Search Images Maps Play YouTube News Gmail Drive More »
Sign in
Screen reader users: click this link for accessible mode. Accessible mode has the same essential features but works better with your reader.

Patents

  1. Advanced Patent Search
Publication numberUS5589288 A
Publication typeGrant
Application numberUS 08/509,076
Publication dateDec 31, 1996
Filing dateJul 31, 1995
Priority dateJul 31, 1995
Fee statusPaid
Publication number08509076, 509076, US 5589288 A, US 5589288A, US-A-5589288, US5589288 A, US5589288A
InventorsRichard R. Coulson, Eric D'amario, Jerry Moscovitch
Original AssigneeBlack & Decker, Inc.
Export CitationBiBTeX, EndNote, RefMan
External Links: USPTO, USPTO Assignment, Espacenet
Cordless power tool having a push button battery release arrangement
US 5589288 A
Abstract
A battery pack release arrangement for a cordless power tool includes a manually operable actuation member which is movable between a latching position and a release position. In the latching position, a pair of battery packs of the cordless power tool are releasably retained within the tool housing. When the actuation member is moved to the release position, the battery packs are permitted to be quickly and easily removed for recharging. Preferrably, the manually operable actuation member is unitarily constructed to include a manual contact push button portion and a latching portion including a pair of latching legs for engaging the battery packs. The latching legs are resiliently deflectable. The battery pack release arrangement of the present invention further includes a guiding member, or camming member, which functions to direct the latching legs of the actuation member out of an normally interfering relation with the battery packs as the actuation member is moved to the release position. The camming member defines a pair of camming surface adapted to cooperatively engage the latching legs. In this regard, the latching legs are deflected by camming surfaces from interfering relation with the battery pack when the actuation member is moved to a release position.
Images(5)
Previous page
Next page
Claims(18)
We claim:
1. A battery pack release arrangement for a power tool having a housing and at least one battery pack releaseably mounted within the housing, the release arrangement comprising:
an actuation member for releasably latching the at least one battery pack in an operative position, said actuation member being moveable between a latching position and a release position, said actuation member integrally formed to include a button portion and a latching portion, said latching portion adapted to be in interfering relation with the at least one battery pack when said actuation member is in said latching position; and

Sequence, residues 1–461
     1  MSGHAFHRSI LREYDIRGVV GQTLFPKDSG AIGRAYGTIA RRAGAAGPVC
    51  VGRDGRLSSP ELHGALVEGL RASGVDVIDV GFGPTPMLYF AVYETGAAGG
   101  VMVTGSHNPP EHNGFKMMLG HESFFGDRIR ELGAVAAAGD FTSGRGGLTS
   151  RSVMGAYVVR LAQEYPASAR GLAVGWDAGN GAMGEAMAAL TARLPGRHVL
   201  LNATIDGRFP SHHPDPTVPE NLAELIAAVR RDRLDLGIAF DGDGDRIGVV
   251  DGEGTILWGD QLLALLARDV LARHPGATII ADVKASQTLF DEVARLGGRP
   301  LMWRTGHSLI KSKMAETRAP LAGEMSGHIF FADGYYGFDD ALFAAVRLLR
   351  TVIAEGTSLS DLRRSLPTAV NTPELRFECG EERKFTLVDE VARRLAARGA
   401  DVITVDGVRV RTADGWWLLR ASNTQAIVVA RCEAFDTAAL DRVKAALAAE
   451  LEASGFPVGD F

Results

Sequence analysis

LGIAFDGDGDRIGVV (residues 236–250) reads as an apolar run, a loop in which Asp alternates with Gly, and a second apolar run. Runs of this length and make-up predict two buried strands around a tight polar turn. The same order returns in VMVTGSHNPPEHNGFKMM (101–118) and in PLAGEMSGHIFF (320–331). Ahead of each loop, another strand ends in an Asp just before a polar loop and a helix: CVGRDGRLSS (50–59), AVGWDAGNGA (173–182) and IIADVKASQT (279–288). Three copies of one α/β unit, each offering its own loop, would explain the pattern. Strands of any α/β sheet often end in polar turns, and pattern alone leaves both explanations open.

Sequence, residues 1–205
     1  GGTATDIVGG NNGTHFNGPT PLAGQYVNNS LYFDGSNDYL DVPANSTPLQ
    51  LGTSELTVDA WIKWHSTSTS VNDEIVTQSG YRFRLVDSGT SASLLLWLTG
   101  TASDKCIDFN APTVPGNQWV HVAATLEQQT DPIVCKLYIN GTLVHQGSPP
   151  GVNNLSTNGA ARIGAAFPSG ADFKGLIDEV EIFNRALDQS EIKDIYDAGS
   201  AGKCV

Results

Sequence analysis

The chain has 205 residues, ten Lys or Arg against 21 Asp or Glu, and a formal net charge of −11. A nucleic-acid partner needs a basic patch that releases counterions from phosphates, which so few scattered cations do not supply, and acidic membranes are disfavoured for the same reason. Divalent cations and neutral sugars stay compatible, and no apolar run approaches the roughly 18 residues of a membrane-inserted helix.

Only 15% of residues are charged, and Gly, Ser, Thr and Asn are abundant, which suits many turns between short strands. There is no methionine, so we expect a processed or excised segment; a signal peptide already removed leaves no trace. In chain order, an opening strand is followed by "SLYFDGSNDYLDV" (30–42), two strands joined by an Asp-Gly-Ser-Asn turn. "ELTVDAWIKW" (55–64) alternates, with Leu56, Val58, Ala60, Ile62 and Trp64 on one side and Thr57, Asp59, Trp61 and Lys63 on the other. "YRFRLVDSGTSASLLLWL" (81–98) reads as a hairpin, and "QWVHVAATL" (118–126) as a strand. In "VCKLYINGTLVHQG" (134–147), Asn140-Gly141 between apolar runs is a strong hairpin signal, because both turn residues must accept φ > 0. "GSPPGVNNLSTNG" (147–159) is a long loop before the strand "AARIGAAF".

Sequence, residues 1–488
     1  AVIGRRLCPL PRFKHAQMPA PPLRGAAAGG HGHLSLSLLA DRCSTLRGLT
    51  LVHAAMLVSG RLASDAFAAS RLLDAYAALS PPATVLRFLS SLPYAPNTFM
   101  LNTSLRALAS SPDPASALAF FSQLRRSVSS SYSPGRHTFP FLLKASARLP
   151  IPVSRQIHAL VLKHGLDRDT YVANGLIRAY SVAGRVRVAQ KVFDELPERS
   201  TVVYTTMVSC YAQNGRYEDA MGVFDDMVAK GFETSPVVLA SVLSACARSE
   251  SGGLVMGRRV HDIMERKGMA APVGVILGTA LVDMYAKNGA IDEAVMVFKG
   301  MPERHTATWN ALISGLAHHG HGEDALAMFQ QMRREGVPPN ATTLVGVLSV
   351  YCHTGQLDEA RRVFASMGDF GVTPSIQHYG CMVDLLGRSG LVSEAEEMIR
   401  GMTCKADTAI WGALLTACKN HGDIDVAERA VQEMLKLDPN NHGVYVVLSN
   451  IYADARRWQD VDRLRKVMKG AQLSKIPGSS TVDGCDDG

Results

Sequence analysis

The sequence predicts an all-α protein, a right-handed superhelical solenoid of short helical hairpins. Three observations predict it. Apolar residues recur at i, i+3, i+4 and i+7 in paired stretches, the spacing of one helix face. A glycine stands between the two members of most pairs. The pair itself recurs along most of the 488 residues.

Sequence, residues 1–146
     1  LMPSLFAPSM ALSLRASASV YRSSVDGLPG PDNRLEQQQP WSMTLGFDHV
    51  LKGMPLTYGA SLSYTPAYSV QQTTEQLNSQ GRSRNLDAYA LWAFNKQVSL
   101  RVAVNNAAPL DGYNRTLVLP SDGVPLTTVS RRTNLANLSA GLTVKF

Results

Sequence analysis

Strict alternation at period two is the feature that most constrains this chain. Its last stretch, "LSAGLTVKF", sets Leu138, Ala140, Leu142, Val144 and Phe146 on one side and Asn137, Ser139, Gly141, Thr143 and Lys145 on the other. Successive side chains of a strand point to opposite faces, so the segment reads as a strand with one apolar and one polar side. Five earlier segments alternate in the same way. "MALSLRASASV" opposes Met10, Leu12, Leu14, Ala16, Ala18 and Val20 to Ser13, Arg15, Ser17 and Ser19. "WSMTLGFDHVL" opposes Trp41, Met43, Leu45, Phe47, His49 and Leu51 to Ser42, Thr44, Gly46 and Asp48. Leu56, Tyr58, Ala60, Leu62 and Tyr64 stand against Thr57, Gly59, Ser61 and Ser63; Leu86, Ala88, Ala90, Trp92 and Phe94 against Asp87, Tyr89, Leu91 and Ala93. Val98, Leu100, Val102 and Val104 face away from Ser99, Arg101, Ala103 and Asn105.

a camming portion disposed adjacent to said latching portion of said actuation member, said camming portion adapted to resiliently deflect said engaging portion out interfering relation with the at least one battery pack when said actuation member is moved from said latching position to said release position.
2. The release arrangement of claim 1, wherein said actuation member further includes a biasing portion for biasing said actuation member to said latching position.
3. The release arrangement of claim 2, wherein said actuation member is unitarily constructed to include said button portion, said latching portion and said biasing portion.
4. The release arrangement of claim 3, wherein the latching portion includes at least one resiliently deflectable latching leg normally in interfering relation with the at least one battery pack.
5. The release arrangement of claim 4, wherein the actuation member is adapted for releasably latching first and second batteries of the power tool within the housing.
6. The release arrangement of claim 5, wherein said at least one resiliently deflectable latching leg comprises first and second resiliently deflectable latching legs, said first and second deflectable latching legs adapted to be in interfering relation with said first and second batteries, respectively, when said actuation member is in said latching position.
7. The release arrangement of claim 6, wherein said first and second deflectable latching legs are interdisposed between said first and second battery packs of the power tool, and further wherein said first and second deflectable latching legs are adapted to inwardly deflect when said actuation member is moved from said latching position to said release position, thereby permitting removal of said first and second battery packs from the housing.